Report: Taliban Warns of Retaliation If Neighbors Aid US Attack
Afghanistan's Taliban regime Saturday warned that its fighters would retaliate with force if any neighboring country provided assistance to the United States for an attack on Afghanistan, the Pakistan-based Afghan Islamic Press reported.
"The possibility of a massive attack by our mujahideen (fighters) cannot be ruled out if any neighboring country offers its ground or air bases to US forces," AFP quoted a Taliban Foreign Ministry statement as saying in the report.
"They might be compelled to enter into that country and responsibility for the negative consequences would rest on that country," it said.
The Taliban warning came as Pakistan's government met to consider the extent of its support for any US attack on Afghanistan aimed at hitting the bases of Saudi dissident Osama bin Laden, who is suspected of orchestrating this week's terrorist attacks on New York and Washington.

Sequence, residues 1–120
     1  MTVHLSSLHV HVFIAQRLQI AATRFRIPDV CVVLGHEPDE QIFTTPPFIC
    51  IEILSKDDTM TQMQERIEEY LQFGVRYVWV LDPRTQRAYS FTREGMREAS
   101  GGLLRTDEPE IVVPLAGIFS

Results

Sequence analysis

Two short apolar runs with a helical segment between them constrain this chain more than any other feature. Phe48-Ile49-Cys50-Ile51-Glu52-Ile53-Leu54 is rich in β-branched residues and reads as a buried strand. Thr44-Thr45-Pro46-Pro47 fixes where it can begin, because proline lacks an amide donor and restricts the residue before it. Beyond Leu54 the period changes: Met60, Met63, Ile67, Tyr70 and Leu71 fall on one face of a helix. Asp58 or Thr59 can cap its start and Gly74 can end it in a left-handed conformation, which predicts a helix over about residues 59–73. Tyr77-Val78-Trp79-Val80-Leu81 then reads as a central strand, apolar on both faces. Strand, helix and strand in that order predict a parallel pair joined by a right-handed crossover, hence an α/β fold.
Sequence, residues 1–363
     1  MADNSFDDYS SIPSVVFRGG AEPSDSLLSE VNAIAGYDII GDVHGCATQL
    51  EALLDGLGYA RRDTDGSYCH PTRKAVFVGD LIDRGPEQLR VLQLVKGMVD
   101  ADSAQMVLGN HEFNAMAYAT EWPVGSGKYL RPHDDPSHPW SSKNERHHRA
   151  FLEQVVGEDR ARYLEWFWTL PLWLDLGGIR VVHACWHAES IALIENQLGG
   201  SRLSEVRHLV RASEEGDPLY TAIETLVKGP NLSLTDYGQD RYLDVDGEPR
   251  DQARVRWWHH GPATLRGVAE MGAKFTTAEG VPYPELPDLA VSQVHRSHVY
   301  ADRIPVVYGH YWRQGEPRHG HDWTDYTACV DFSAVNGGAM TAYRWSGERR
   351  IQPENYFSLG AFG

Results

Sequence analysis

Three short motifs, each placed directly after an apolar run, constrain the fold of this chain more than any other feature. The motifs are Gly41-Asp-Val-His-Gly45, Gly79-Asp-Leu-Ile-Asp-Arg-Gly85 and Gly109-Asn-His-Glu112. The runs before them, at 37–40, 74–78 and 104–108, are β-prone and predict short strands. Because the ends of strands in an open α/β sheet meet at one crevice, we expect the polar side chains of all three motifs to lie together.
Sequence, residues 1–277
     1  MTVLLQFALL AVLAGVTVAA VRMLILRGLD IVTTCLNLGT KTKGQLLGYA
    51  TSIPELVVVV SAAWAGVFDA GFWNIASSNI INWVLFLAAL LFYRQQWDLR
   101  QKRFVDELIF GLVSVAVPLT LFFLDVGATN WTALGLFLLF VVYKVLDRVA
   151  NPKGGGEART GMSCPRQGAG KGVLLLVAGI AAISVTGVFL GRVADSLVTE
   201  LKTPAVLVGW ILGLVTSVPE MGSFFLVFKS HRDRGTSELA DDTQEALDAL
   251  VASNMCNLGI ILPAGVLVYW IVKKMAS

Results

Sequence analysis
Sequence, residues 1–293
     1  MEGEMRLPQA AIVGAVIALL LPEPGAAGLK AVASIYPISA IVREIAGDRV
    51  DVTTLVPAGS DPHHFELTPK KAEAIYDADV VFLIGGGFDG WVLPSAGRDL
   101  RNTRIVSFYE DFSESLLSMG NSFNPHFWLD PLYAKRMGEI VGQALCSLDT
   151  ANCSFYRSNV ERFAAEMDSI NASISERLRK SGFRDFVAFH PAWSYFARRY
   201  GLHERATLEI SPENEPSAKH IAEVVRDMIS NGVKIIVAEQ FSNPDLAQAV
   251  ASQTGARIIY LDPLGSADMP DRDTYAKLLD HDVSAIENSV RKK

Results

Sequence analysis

The Taliban statement again denied that bin Laden, who has been sheltered by the Afghan militia for the past five years, could have been involved in the attacks.
Meanwhile, an Afghan Taliban diplomat said on Saturday that bin Laden was free to leave Afghanistan but would not be forced out, reported Reuters.
"If the man wanted to leave of his own will, we will not stop him. But if he wanted to stay in Afghanistan, we cannot make him leave," the agency quoted Taliban charge d'affaires in the United Arab Emirates, Aziz al-Rahman, as telling Abu Dhabi television in an interview aired on Saturday.
Secretary of State Colin Powell on Thursday for the first time named bin Laden, sheltered by the Taliban in Afghanistan, as a suspect in the terror attacks on New York and Washington in which thousands of people are feared killed.
The US Senate has unanimously approved a resolution authorizing President Bush "to use all necessary and appropriate force" in retaliation for the assaults.
Asked if there was any chance that the Taliban would consider handing over bin Laden to the United States to spare Afghanistan the prospect of military action, Aziz al-Rahman said: "Basically, this is not a consideration...We have no agreement with any country to extradite criminals or suspects to hand him over." – Albawaba.com
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